Saturday, 16 December 2017

Review: Star Wars - The Last Jedi (third-pass)

Star Wars: The Last Jedi (third-pass / 2D / SPOILERS!)
Cert: 12A / 152 mins / Dir. Rian Johnson / Trailer

Previous reviews: 1 | 2

This is your spoiler-break. The section at the top of the post which acts as a buffer between the start of the page-code and the bit with the actual spoilers, so that any previews or auto-pulled segments of the review don't present the reader with unwarranted plot-details. After all, the movie's only been out for two days, and if you haven't seen it yet you really shouldn't be here. But this is your last chance, because I'm nice like that.

This post is about Princess Leia, I think I can tell you that much at least. It was always going to be a tricky move releasing The Last Jedi less than a year after Carrie Fisher's untimely passing (that's definitely not a spoiler), not least because Episode VIII is the second-act of a trilogy and not yet the one where Leia was meant to have a pivotal role. After the news came through, Lucasfilm quickly went on-record to confirm that her character wouldn't be digitally recreated as she had been in Rogue One. And not that I suspected they would anyway, it came as a relief as that's one aspect of the Death Star heist which I didn't particularly enjoy.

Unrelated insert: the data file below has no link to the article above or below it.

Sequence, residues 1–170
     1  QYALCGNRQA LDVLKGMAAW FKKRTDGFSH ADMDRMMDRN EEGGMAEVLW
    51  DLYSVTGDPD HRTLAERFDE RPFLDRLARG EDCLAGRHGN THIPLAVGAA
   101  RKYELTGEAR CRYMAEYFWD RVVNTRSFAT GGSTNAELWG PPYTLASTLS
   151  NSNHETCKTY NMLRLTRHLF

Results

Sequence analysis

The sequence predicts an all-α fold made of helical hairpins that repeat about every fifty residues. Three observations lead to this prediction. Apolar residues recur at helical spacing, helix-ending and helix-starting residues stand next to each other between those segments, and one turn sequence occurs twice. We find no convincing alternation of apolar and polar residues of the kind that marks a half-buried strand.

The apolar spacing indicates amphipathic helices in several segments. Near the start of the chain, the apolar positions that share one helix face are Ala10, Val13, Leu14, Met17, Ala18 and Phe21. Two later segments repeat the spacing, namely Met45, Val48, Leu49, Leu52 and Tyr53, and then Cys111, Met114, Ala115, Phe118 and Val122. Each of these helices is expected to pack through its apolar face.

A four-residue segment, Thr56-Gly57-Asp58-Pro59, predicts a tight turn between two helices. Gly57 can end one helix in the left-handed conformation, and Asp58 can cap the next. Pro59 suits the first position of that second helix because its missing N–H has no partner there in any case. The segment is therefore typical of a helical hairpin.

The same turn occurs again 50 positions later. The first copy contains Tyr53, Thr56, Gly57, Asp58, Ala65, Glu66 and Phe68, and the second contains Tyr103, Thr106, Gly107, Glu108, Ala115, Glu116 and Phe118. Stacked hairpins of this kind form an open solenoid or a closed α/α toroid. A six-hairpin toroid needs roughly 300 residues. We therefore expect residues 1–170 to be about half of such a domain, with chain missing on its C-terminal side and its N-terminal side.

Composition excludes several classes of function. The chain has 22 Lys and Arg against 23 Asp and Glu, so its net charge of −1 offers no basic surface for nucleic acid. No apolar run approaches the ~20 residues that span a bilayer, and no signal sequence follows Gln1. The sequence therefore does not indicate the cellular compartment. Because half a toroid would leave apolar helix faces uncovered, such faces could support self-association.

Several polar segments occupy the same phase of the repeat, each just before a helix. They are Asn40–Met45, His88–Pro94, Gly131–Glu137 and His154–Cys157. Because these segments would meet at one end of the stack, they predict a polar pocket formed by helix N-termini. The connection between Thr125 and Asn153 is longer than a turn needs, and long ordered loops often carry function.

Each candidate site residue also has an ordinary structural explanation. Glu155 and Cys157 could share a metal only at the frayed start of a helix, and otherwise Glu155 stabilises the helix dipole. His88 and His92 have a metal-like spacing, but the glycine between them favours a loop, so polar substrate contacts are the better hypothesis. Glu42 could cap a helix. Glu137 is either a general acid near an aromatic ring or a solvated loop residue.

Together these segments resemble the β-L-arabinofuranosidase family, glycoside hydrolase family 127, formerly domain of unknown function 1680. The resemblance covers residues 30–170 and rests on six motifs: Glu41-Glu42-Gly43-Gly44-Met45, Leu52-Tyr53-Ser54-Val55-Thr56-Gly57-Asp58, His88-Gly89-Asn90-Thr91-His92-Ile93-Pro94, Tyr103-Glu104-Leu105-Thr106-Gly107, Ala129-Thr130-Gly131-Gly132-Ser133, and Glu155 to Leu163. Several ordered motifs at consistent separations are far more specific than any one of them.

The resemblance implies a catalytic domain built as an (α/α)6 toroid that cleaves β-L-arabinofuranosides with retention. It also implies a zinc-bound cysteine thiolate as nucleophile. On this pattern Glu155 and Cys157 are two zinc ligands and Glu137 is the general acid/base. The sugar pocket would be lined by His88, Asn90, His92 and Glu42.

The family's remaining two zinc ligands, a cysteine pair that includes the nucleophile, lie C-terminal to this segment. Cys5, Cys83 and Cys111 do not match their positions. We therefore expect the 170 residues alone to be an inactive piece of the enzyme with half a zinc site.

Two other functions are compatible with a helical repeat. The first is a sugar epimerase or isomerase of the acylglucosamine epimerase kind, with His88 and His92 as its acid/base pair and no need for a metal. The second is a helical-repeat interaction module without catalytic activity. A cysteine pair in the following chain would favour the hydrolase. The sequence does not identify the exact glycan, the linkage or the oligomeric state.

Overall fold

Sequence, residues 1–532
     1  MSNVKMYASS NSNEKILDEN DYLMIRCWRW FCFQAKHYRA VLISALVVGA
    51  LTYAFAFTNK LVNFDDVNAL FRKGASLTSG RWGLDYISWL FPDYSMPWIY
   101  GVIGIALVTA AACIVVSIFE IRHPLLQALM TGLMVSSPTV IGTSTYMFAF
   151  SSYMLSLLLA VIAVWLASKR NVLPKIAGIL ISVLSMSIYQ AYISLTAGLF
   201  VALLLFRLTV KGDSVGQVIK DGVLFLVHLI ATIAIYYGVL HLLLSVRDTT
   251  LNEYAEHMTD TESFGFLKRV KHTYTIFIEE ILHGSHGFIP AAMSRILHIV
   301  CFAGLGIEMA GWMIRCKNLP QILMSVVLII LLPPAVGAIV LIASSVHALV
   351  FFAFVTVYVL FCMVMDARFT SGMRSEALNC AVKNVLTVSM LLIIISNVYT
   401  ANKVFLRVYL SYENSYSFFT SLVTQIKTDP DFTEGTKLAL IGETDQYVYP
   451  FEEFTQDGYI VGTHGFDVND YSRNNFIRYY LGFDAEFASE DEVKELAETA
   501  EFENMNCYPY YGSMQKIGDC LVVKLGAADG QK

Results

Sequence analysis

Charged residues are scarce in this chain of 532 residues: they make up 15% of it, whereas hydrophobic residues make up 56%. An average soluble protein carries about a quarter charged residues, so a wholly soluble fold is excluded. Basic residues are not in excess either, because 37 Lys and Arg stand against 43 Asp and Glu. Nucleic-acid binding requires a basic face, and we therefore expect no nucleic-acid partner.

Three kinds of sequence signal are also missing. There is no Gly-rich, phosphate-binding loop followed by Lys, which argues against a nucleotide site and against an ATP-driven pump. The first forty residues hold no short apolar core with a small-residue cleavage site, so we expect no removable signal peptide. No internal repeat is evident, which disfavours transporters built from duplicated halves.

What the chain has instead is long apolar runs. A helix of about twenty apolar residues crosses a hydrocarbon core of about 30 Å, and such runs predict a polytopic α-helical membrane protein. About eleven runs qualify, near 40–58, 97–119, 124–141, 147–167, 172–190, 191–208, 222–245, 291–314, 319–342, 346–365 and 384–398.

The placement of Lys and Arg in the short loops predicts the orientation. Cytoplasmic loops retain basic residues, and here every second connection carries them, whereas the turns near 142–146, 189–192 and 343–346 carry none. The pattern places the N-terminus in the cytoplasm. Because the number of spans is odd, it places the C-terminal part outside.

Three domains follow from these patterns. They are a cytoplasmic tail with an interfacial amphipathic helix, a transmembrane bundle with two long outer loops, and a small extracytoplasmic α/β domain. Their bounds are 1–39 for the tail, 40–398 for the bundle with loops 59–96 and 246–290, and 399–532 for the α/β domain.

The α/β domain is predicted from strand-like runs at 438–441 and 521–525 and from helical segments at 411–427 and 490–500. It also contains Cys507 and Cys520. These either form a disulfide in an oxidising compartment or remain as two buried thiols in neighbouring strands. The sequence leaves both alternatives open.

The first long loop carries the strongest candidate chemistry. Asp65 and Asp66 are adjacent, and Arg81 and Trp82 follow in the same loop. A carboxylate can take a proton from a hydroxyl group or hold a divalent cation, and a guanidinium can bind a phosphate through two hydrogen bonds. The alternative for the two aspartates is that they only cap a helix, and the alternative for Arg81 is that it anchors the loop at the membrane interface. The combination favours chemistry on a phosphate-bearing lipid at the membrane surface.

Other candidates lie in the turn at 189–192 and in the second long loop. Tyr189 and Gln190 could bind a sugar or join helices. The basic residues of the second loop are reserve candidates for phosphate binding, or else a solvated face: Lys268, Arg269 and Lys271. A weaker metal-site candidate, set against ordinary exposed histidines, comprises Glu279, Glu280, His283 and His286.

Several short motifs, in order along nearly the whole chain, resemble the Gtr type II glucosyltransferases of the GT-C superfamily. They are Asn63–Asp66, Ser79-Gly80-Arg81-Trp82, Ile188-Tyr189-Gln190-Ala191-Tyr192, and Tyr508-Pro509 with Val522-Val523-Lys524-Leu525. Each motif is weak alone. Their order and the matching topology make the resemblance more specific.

That's all history, of course. Nonetheless, it's interesting to watch Leia Organa-Solo's character arc in The Last Jedi, knowing that these concerns will have been present in the room throughout the pre-production of IX and post-production of VIII. Speaking of which…

Spoilers ahead: Last chance…

You're still here, smashing. Now, there appear to be many people gleefully moaning about The Last Jedi on social media at the moment. I'm not one of them, and this isn't one of those moans. I love this movie, I love that Carrie Fisher has more to do in it, and I love that Rian Johnson has given her the script and direction she needs to do it well. While the principal photography for TLJ had been completed by last Christmas and the story pretty much 'locked down', there were - no doubt - many long discussions of how Carrie's loss affects not only future projects, but also the one mid-way through production. What's the best way to honour someone who won't be around to watch their final movie? All credit to Lucasfilm that they went for dignity without mawkishness*1, celebrating Leia while celebrating the galaxy she's been instrumental in saving.